Economics at your fingertips  

Bank regulation, supervision and lending: empirical evidence from selected sub-Saharan African countries

Retselisitsoe Thamae and Nicholas Odhiambo

No 29839, Working Papers from University of South Africa, Department of Economics

Abstract: This study investigates the impact of bank regulation and supervision on bank credit in 23 sub-Saharan African (SSA) countries and their low- and middle-income groups from 1995 to 2017. The long-run results indicated that stringent entry barriers and supervisory power reduced bank lending, but supervisory power mitigated the negative effect of entry barriers. Furthermore, positive shocks to entry barriers impacted negatively on bank credit, while negative shocks to capital requirements had an adverse impact on lending. In the short run, positive shocks to entry barriers, activity restrictions and capital regulations led to increases in bank credit, particularly in low-income SSA economies.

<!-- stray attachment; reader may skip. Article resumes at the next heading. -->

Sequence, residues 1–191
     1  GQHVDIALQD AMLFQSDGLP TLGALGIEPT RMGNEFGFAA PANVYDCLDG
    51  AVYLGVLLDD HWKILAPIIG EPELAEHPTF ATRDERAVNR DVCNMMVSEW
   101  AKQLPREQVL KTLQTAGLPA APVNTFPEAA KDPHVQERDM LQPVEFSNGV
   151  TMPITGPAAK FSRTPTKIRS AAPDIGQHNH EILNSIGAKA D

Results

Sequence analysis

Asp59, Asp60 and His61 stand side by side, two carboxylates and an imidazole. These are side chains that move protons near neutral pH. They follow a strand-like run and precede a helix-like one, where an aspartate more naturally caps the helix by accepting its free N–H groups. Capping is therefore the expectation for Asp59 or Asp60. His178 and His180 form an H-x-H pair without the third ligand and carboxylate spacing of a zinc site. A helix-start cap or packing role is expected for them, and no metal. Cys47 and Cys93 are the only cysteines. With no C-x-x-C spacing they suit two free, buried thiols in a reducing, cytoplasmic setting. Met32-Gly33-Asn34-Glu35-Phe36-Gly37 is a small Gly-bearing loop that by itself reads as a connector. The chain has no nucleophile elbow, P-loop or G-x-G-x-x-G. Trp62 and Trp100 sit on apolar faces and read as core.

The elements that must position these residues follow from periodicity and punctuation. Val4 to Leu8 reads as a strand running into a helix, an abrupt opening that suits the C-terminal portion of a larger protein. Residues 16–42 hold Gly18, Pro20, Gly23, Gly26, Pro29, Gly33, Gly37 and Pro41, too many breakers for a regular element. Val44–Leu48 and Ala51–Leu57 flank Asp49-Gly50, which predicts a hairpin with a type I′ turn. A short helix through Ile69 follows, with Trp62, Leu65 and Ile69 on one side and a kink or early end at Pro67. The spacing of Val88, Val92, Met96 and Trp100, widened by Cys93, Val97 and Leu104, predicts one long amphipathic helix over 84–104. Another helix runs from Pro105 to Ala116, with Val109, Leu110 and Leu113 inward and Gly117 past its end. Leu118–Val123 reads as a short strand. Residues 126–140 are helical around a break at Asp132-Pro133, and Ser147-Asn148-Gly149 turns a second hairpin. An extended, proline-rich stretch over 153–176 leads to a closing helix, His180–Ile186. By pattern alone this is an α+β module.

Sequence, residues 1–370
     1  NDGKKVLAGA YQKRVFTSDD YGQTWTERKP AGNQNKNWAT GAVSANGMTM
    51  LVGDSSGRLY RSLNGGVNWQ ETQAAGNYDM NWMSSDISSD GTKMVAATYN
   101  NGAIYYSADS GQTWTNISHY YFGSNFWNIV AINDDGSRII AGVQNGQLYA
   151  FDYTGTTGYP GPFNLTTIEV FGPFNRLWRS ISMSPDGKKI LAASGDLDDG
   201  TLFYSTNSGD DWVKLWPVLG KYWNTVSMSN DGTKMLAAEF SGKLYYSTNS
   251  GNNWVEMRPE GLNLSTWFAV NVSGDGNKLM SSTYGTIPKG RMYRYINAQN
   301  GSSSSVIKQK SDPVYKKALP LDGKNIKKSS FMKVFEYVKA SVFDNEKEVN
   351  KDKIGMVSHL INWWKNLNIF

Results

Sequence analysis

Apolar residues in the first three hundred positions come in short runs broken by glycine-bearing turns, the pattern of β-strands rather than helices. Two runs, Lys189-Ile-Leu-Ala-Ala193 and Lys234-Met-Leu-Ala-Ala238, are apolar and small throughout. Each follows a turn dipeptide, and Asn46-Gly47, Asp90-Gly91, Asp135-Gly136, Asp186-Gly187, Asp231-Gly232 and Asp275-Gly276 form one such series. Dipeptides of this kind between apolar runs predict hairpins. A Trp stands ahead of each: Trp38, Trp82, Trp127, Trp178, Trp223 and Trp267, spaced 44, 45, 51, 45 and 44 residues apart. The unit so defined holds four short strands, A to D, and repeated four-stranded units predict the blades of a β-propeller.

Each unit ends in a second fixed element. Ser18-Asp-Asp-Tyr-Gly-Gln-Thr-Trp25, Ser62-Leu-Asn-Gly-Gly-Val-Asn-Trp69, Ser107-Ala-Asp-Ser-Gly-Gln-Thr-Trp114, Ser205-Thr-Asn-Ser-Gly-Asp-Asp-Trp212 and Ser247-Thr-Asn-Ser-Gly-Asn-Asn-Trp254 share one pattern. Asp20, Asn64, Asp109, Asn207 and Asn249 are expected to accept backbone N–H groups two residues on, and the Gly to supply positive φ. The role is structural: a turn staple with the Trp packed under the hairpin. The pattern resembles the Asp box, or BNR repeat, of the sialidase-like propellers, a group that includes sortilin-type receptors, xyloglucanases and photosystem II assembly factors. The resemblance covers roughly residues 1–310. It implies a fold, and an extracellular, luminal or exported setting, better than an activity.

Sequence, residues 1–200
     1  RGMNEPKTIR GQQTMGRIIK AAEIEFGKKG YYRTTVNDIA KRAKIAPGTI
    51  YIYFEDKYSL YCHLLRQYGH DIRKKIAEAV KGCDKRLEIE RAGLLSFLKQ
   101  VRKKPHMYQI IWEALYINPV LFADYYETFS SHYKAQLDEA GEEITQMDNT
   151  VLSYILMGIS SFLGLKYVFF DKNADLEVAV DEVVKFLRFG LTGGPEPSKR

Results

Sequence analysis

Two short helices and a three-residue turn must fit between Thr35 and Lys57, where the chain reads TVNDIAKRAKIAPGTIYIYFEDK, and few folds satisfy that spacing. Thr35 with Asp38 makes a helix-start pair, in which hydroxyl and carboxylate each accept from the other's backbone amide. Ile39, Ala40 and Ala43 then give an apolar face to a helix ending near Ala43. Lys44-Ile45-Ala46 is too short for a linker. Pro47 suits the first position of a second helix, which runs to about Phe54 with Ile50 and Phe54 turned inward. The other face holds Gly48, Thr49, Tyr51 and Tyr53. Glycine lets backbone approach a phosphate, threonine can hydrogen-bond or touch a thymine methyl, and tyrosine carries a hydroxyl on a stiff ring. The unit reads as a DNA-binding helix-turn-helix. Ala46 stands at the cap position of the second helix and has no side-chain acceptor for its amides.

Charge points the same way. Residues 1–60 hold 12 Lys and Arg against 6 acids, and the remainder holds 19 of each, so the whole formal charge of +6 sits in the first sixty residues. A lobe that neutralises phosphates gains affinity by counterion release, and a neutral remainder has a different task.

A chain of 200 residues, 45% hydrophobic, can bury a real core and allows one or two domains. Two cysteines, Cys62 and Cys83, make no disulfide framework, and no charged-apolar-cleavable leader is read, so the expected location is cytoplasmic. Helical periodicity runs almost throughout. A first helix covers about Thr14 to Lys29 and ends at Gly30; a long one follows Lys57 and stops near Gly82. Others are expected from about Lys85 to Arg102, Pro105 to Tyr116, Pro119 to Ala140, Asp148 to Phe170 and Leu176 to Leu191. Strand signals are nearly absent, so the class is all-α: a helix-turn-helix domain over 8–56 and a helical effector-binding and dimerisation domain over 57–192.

Keywords: bank regulation; bank lending; common correlated effects; linear and nonlinear panel ARDL; sub-Saharan Africa (search for similar items in EconPapers)
Date: 2022-12
New Economics Papers: this item is included in nep-afr and nep-fdg
References: View references in EconPapers View complete reference list from CitEc
Citations: Track citations by RSS feed

Downloads: (external link) ... ICAN%20COUNTRIES.pdf (application/pdf)

Related works:
This item may be available elsewhere in EconPapers: Search for items with the same title.

Export reference: BibTeX RIS (EndNote, ProCite, RefMan) HTML/Text

Persistent link:

Access Statistics for this paper

More papers in Working Papers from University of South Africa, Department of Economics Contact information at EDIRC.
Bibliographic data for series maintained by Shaun Donovan ().

Page updated 2023-05-25
Handle: RePEc:uza:wpaper:29839